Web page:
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10 ___________ Multiplication by Division: In Search of Cosmic Hierarchy It may seem that we have strayed from Fuller's "operational mathematics" while investigating the symmetrical properties of various polyhedra in the previous chapter. Recall that "operational" indicates an emphasis on procedure and experience: what to do to develop and transform models or systems. "Multiplication by division" brings us back to experience, introducing an operational strategy, which will add new meaning to Fuller's term "intertransformabilities." We thus elaborate on the shared symmetries among shapes while discovering new transformations from one to another, and this time previous experience allows us to anticipate results. Multiplication by division describes Bucky's journey through our expanding polyhedral inventory. Previous exposure to both Loeb's work and the IVM sets the stage, making us so familiar with these shapes that additional results can be immediately placed in context. The transformations explored in this chapter occur within the IVM frame of reference, adding volume relationships to our accumulated information about topology and symmetry. You may be surprised to find that many statements seem obvious at this point; resist the temptation to dismiss them as trivial. Appreciate instead the implication—which is that we cannot take a wrong turn. Each step is inherently tied to the shape of space; we can only uncover what is already there. Volume
The use of ratio is an inherent part of quantifying volume, and yet not everyone is aware of the implicit comparison. As with measuring distance, our conventional units can seem like a priori aspects of volume. Once again, Fuller calls our attention to Avagadro's discovery that a given volume of any gas, subject to identical conditions of temperature and pressure, always contains the same number of molecules. "Suddenly we have volume clearly identified with number," declares Bucky. Actually, volume is intrinsically related to number. When we ask, "what is the volume of that swimming pool"? we expect an answer expressed in terms of some number of "cubic feet." What this answer tells us is how many cubes with an edge-length of one foot could fit into the pool. Whether the situation calls for feet, inches, or centimeters, a cube of unit edge length is conventionally employed as one unit. The word "volume" may evoke an image of a continuum; however, it is quantified in terms of discrete quanta. We so uniformly express spatial quantity in terms of cubes that we are simply not aware of the invisible framework of "ghost cubes" incorporated into our concept of volume. We conceptualize space cubically: length, width, and depth seem absolutely fundamental directions. Again Bucky points out that this conceptual cube is a remnant of flat-earth thinking. Myopic in cosmic terms, humanity readily adopted the orthogonal box as the correct shape with which to segment space. Results: Volume Ratios Volume has to be measured relative to something, so why not experiment with the tetrahedron? We are so used to using the cube, the suggestion seems blasphemous-a violation of basic laws of volume. Nevertheless, given our growing list of the tetrahedron's unique properties, such an experiment might be worthwhile. Accordingly, we allow a tetrahedron of unit-edge length to be called one unit of volume. The results are astonishingly rewarding. Perfect whole-number values describe the volumes of most of the polyhedra covered so far, and Table V. Volume Ratios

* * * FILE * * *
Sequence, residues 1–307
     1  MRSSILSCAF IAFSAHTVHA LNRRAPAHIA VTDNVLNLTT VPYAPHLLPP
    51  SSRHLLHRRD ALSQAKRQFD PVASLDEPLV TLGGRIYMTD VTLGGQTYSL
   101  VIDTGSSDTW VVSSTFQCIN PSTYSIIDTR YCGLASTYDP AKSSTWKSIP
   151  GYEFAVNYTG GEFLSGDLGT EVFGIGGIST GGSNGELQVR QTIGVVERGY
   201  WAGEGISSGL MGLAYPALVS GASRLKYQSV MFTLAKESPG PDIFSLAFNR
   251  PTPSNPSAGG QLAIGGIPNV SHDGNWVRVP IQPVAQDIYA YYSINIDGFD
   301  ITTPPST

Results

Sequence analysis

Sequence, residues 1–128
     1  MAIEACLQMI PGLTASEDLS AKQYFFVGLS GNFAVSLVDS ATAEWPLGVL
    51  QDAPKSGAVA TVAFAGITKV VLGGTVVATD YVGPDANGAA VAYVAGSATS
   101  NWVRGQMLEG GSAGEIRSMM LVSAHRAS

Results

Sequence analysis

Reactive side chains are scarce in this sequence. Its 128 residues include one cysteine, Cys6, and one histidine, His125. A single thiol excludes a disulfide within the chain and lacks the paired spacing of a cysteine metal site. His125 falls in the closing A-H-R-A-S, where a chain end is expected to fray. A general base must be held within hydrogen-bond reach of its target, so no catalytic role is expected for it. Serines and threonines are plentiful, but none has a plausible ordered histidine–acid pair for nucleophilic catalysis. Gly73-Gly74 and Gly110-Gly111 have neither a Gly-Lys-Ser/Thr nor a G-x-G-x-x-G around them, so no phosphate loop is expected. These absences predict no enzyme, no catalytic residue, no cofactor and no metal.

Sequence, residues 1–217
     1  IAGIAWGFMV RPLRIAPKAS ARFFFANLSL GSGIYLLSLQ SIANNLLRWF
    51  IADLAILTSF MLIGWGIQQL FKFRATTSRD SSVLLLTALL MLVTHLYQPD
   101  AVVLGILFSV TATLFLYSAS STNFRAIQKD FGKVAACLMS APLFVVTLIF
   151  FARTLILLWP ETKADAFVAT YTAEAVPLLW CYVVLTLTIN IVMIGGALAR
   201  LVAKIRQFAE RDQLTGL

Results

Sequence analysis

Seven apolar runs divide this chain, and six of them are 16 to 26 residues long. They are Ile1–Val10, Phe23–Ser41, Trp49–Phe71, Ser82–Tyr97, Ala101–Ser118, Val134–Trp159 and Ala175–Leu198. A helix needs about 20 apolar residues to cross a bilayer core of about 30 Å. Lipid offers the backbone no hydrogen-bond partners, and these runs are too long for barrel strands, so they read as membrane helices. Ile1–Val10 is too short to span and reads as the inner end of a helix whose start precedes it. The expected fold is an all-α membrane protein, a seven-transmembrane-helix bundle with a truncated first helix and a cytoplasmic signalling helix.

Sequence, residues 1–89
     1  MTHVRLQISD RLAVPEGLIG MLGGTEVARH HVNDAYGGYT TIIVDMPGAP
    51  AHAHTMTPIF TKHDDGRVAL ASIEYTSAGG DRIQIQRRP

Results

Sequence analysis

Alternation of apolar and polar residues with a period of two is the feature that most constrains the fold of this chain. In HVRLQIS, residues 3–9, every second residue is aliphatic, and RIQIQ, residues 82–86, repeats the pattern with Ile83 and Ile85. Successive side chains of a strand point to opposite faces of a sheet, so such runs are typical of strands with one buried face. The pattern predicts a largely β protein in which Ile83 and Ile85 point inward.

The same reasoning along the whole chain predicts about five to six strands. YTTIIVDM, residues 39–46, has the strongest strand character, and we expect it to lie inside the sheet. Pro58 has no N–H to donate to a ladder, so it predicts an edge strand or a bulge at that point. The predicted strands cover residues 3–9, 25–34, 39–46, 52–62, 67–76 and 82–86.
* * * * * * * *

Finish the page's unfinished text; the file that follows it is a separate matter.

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Remember that these polyhedra arose as a consequence of spatial symmetry; we simply located vertices within the unique isometric array of vectors. Recalling this origin, it is again clear that the various shapes and sizes of the polyhedra in question are not the product of deliberate design. Their whole-number volume ratios are not contrived; we stumble onto them after the fact. Why investigate two different cubes? Primarily, to demonstrate that neither choice yields the elegant results disclosed by the tetrahedron. All factors considered, the unit-diagonal cube is a better choice, for it arises naturally out of the IVM network—that is, out of the shape of space! Further justification for this choice will be developed below. Imagine building a cube out of the requisite twelve struts. The topological recipe, which simply calls for three-valent vertices and four-valent faces, in no way indicates precisely what the finished product should look like. Without deliberate shaping into a perpendicular form by a knowing hand, the configuration does not favor any particular surface angles. Which version of this hexahedron of quadrilaterals is the desired result? This ambiguity must somehow be resolved. Chapter 5 revealed that an orthogonal "cube"—as defined by mathematics—cannot be reliably created without diagonal braces. (Refer back to Fig. 5-3.) Compare this experience with building an octahedron out of the same twelve structs. Following the recipe of four-valent vertices and three-valent faces. the octahedron builds itself. The interior shape is precisely specified by its topology; in other words, the procedure leaves no room for choice. In order for the cube to have that kind of integrity, or exactitude, six face diagonals must be inserted. An inscribed tetrahedron solves the problem in a single step. The above comparison reinforces our previous experience of how the right-angled cube fits into spatial symmetry. Fuller's "operational mathematics" prescribes learning by procedure: pick up a box of toothpicks (pre-cut unit-vector models) and start building. Space will let you know what works. The satisfaction gained from feeling the cube hold its shape draws attention to its supporting diagonal members, and thus unit-vector diagonals seem an appropriate choice for comparing volumes. As volume is always a matter of ratio, we want to insure that our comparisons make sense, in this case, remain consistent with space's isotropic vector matrix. That the vector-diagonal cube is contained within this hierarchy adds to the advantages established by its stability. |